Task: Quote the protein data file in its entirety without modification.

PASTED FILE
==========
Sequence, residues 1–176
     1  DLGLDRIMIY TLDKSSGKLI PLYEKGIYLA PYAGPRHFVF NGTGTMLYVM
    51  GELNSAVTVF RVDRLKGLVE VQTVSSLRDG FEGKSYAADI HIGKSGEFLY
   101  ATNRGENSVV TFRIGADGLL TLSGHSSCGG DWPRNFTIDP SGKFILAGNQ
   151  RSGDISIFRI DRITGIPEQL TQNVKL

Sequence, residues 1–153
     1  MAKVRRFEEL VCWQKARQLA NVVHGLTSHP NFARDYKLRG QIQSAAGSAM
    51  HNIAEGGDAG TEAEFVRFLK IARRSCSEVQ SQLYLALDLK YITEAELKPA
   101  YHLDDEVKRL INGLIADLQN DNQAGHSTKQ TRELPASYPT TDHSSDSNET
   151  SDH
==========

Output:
Sequence, residues 1–176
     1  DLGLDRIMIY TLDKSSGKLI PLYEKGIYLA PYAGPRHFVF NGTGTMLYVM
    51  GELNSAVTVF RVDRLKGLVE VQTVSSLRDG FEGKSYAADI HIGKSGEFLY
   101  ATNRGENSVV TFRIGADGLL TLSGHSSCGG DWPRNFTIDP SGKFILAGNQ
   151  RSGDISIFRI DRITGIPEQL TQNVKL

Sequence, residues 1–153
     1  MAKVRRFEEL VCWQKARQLA NVVHGLTSHP NFARDYKLRG QIQSAAGSAM
    51  HNIAEGGDAG TEAEFVRFLK IARRSCSEVQ SQLYLALDLK YITEAELKPA
   101  YHLDDEVKRL INGLIADLQN DNQAGHSTKQ TRELPASYPT TDHSSDSNET
   151  SDH